The system is currently being tested in Japan, since March's 9.0-magnitude earthquake caused an energy shortage. The Leaf's 24 kilowatt hour (kWh) battery is capable of powering a Japanese home for two days. An American home, on the other hand, may not benefit quite as much from such a system due to the fact that the average U.S. home uses 908 kWh electricity per month, which equates to 30 kWh per day. According to recent reports, the Leaf battery would barely charge an American household for a day at full charge. However, it could be useful for a local brown-out.


Are you saying we greedy Americans use too much power?

Meh, more pollution to keep me warm in winter.




It would work fine for two days.
By MrTeal on 8/3/2011 10:11:41 AM , Rating: 3
quote:
An American home, on the other hand, may not benefit quite as much from such a system due to the fact that the average U.S. home uses 908 kWh electricity per month, which equates to 30 kWh per day. According to recent reports, the Leaf battery would barely charge an American household for a day at full charge. However, it could be useful for a local brown-out.


As long as the American home has at least one semi-intelligent occupant, the battery capacity would be plenty.

It's possible to turn off the lights, not run the AC, and turn off your computers if you're not using them. If you have a blackout and know you're running on battery power but keep blasting the AC at 68 and leave every light in your house on, you deserve a time-out in the dark.




hmmm
By Ben on 8/3/2011 11:44:53 AM , Rating: 2
I wonder how long it will be before people figure out they can charge their car at work during the day for free, and then power their house at night with their car for free?

Oh, did I say that?

Just make sure you have enough juice in the battery to get back to work the next day or the whole idea fails. LOL!




US Electricity Usage
By Spuke on 8/3/2011 12:21:34 PM , Rating: 2
quote:
An American home, on the other hand, may not benefit quite as much from such a system due to the fact that the average U.S. home uses 908 kWh electricity per month, which equates to 30 kWh per day.
Looks like we came down a little. It was over a 1000kWh a month. Our average is 750kWh.




Yea that's going to be helpful
By Dr of crap on 8/3/11, Rating: -1
By CrazyBernie on 8/3/2011 10:35:48 AM , Rating: 2
That's not what the article is talking about. They're going to make it so your car can act as a battery-backup for your house while it's plugged in. Read past the intro paragraphs.


RE: Yea that's going to be helpful
By Nutzo on 8/3/2011 10:42:04 AM , Rating: 2
They're not talking about using a used battery for your home, but about the current battery in a Leaf. Of course this assumes the Leaf is fully changed. If it’s not, then where are you going to charge it during a blackout if you have to drive somewhere?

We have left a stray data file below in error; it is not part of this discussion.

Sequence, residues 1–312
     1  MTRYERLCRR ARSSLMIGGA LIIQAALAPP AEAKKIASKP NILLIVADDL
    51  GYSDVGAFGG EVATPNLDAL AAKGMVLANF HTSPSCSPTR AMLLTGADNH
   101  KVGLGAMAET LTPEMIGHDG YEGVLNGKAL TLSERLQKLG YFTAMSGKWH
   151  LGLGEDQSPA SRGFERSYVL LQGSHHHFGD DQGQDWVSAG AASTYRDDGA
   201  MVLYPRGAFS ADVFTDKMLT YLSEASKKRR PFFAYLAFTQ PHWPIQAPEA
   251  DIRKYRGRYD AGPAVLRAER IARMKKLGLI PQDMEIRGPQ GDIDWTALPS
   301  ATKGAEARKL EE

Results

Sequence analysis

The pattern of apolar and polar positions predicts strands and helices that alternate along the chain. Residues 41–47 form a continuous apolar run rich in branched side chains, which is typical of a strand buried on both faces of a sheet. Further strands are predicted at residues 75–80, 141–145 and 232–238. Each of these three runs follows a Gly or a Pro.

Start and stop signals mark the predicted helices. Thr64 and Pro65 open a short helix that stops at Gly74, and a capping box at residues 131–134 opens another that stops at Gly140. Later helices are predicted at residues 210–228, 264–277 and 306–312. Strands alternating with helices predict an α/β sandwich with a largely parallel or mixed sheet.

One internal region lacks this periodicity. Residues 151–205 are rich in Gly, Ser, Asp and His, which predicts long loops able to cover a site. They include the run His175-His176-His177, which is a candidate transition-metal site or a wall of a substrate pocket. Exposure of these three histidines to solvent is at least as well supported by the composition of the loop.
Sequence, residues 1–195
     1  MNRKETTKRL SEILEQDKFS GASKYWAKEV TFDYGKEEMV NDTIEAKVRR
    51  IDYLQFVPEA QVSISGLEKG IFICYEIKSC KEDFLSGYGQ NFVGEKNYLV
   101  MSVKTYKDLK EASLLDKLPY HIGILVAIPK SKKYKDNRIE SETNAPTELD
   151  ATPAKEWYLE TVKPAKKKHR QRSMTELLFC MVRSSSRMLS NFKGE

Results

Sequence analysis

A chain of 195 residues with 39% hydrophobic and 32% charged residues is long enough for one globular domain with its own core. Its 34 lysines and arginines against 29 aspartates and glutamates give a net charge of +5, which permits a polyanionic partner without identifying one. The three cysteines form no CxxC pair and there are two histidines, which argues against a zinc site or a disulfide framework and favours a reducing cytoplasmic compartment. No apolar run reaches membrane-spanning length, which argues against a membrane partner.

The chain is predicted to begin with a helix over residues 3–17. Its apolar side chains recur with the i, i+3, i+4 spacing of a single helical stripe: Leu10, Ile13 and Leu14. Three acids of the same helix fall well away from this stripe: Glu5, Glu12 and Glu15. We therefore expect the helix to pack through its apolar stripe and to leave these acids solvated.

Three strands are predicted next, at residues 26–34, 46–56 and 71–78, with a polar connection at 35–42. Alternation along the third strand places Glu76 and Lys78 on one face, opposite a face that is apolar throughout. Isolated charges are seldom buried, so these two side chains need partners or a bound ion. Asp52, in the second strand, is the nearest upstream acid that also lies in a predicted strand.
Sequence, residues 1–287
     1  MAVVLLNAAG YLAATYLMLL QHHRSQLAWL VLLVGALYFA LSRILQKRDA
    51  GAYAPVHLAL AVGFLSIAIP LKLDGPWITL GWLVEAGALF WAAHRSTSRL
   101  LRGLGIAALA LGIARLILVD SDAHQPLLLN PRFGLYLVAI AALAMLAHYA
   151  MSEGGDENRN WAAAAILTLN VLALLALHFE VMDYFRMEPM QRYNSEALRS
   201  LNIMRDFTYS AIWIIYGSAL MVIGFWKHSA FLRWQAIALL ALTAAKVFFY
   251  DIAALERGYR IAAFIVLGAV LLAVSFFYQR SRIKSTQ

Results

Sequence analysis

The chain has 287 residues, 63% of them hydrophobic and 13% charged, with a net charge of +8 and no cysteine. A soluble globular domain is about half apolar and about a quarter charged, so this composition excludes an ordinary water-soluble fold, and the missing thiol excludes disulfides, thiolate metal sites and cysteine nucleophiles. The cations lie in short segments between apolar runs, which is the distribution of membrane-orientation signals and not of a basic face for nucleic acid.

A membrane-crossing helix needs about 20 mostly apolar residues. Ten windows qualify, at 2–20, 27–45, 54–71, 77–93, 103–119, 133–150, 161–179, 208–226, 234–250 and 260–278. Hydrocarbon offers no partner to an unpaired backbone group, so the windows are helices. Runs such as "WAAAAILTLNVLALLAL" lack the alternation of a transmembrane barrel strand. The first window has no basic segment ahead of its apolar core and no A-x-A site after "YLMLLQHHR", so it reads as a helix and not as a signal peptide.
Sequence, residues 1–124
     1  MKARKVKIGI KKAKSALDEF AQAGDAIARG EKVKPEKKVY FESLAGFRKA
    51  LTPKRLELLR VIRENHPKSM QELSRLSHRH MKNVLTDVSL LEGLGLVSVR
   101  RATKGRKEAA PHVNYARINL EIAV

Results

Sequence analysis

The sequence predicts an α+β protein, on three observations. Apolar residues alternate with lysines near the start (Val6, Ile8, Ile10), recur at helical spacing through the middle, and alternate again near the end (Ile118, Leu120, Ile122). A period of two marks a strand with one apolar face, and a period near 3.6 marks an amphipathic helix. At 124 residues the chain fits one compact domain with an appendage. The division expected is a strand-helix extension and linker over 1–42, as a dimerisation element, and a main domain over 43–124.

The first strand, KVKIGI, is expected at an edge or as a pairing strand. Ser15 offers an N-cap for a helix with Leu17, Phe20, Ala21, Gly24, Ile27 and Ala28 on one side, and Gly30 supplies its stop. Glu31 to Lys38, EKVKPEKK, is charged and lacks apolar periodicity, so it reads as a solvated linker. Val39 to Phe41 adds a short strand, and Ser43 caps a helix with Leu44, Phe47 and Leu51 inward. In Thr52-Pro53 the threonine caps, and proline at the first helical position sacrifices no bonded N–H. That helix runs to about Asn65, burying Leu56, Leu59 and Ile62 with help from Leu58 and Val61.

Some people have added inverters to their Hybrids, so that it can supply 120 volt power from the battery. This is handy in places that have hurricanes or tornados that can interrupt the power for several days. The advantage of a Hybrid in this case, is that when the battery gets low, the motor starts up and recharges the battery. A tank of gas will last a lot longer than a fully charged Leaf battery.


RE: Yea that's going to be helpful
By Reclaimer77 on 8/3/2011 11:34:48 AM , Rating: 1
I have to agree with your assessment of this. Seems very gimmicky. Our ICE cars can power our homes too, but you don't see car companies trying to use this as a selling point.

People not living in areas ravaged by storms will see no real benefit from this. And those who do, already have generators anyway if they know what's good for them.


RE: Yea that's going to be helpful
By Jedi2155 on 8/3/2011 12:11:34 PM , Rating: 2
Our ICE cars are typically limited by around a ~ 1.2 kW alternator which care hardly power a single circuit let alone a whole home. The inverter system in an EV works close to 100 kW which is enough to power a whole neighborhood although the charger itself is only going to be a few kW (3-6 typically), but still 3-6 times more than your typical ICE vehicle.


RE: Yea that's going to be helpful
By Spuke on 8/3/2011 3:40:06 PM , Rating: 2
Alternators produce DC. How many homes use DC again? Like you would in a hybrid/EV, you would connect an inverter to the cars battery and power from there. RV people have been doing this for years when they need to do some battery charging in a pinch (car battery to inverter to portable battery charger). In this case, you would just connect the inverter straight to your house.


By Reclaimer77 on 8/3/2011 4:22:01 PM , Rating: 2
Thanks. I just really didn't feel like explaining power inverters and AC/DC.


RE: Yea that's going to be helpful
By awolfe63 on 8/3/2011 6:20:37 PM , Rating: 2
Actually - Alternators produce Alternating Current (AC) - thus the name. Old cars had generators which were DC. Cars do AC/DC conversion to charge the battery.


RE: Yea that's going to be helpful
By Spuke on 8/3/2011 8:26:40 PM , Rating: 2
quote:
Actually - Alternators produce Alternating Current (AC) - thus the name.
NO! Alternators in vehicles produce DC current. They are only used to charge batteries which are 12V DC (in vehicles). Boats, RV's (I own one), cars, and trucks. There are NO AC systems in vehicles although some have small inverters to power a receptacle. Look it up, old news, common knowledge ad nauseam.


By kitonne on 8/7/2011 5:51:43 PM , Rating: 2
Pick up a book.... Alternators are AC generators. In vehicles, you have a bunch of diodes converting the AC into DC, built right into the alternator. This allows longer life brushes to be used compared to the old DC generators. Most alternators inside are three phase AC generators, followed by a 6 diode full bridge AC/DC three-phase rectifier. The output voltage is controlled by the RPM and excitation current; most of today's generators are "smart" and control the excitation current using power electronics built into the alternator itself, with the voltage control loop done over a data link and controlled by the PCM or some other electronic module.